Searching guidance


Using the search function


You can search the HSRIC outputs on new and emerging health technologies in different ways. If you know the name of the drug, device, test or disease you are interested in you can type the name in the main search box.

If you are interested in one or more clinical specialties e.g. emergency care, but don’t have a specific drug, device, test or disease in mind, you can leave the main search box blank and select that specialty or specialties.

Filter by Specialty and Filter by Year

•    You can restrict the search to a clinical specialty by clicking in the ‘Filter by specialty’ box and selecting the specialty you are interested in. You can add another specialty if you wish to by clicking in the box again and selecting another specialty. You can repeat this as often as you wish.
•    You can restrict the search to an individual year by clicking in the ‘Filter by year’ box and selecting the year you are interested in. You can add another year if you wish to by clicking in the box again and selecting another specialty. You can repeat this as often as you wish.
•    You can remove selected specialties and years by clicking on the small ‘x’ to the left of the specialty name or year selected.

Viewing results

When you are happy with your search, click the ‘Search HSRIC’ box. You will be taken to the search results page. The results are split up into drugs, devices, diagnostics, news items, reviews and other reports e.g. research articles. You can use the ‘Order search’ function to re-order the results by date order (newest first), reverse date (oldest first) and relevance.

What if the titles of the results do not have my search terms in?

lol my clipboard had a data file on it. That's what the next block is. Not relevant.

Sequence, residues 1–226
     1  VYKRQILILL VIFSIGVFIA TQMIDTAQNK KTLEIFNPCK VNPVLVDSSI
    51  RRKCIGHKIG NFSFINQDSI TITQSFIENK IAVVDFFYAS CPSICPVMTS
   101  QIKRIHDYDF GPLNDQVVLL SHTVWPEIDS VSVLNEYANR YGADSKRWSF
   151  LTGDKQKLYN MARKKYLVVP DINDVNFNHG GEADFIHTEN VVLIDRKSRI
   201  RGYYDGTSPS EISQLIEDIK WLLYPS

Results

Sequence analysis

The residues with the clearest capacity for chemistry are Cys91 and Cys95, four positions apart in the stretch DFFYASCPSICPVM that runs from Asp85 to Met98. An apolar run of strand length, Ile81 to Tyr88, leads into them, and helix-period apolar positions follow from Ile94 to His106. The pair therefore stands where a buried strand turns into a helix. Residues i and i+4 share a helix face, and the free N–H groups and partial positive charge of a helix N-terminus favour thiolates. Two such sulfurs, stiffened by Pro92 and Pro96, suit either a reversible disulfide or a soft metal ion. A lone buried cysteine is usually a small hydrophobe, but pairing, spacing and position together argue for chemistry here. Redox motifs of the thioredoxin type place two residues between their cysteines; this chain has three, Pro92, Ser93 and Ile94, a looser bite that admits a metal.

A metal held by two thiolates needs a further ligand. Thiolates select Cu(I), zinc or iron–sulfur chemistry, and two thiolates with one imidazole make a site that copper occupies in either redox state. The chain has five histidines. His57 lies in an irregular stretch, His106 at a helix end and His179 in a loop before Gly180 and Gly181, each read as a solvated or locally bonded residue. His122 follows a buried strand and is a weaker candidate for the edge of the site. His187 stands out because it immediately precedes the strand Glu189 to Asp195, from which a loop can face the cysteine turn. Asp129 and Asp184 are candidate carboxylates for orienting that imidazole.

The search looks at the text within all horizon scanning reports as well as their titles. If your search term is not in the titles displayed, it will be somewhere within the document, perhaps in the existing treatment section.

AND, OR and NOT (Boolean operators)

The search allows you to combine search terms using AND, OR and NOT to produce more relevant results, as well as using phrases.

If you want to find everything on ovarian cancer you could enter ovarian cancer into the search box. This search will bring up everything that has either ovarian or cancer in the text, so they results may not be specifically about ovarian cancer.

If however you add ovarian AND cancer into the search box (using capital letters for AND), then the search results will have both words in the text, and the results will be much more likely to be relevant.

You can refine this further by using “ ” to denote a phrase. Entering “ovarian cancer” will bring back results where the words ovarian and cancer are next to one another (in the order written).

You can combine these functions e.g. “ovarian cancer” AND diagnosis will return only those documents containing both the phrase and the keyword. The AND function tends to narrow your search.

If you combine words with the OR function (using capital letters for OR), then the documents found will have either of the words, as well as those documents that contain both words.  The OR function tends to broaden your search.

If you do not want to find documents without a specific phrase then you can use the NOT function. For example the search “ovarian cancer” NOT diagnosis will return documents that relate to ovarian cancer, but are not about diagnosis. They may be about drugs treatment or devices relating to care, but not about diagnosis.

Truncated part words and wildcards

The search is able to use part words using the * truncation operator, where * can represent 1 or more characters, and a wildcard character ? to replace a characters in a search term.

For example
If you wish to find documents that include anything relating to diabetes or diabetics, you could add both those terms into the search box individually or you can enter diabe* into the search box using the * character to represent the letters ‘-tese’ and ‘-tic’.

If you wish to search for haematology, but you are uncertain of the spelling, you can enter h?ematology into the search box, and this will search for haematology and hematology.

Exporting search results

You can export the search results by clicking the ‘Export’ button. The download is a .csv file, which can be opened into Excel or other similar spreadsheet software. The download includes the title of each report, a URL address/weblink to each report, and a note of whether the report relates to a drug, device, diagnostic, news item, review or other report.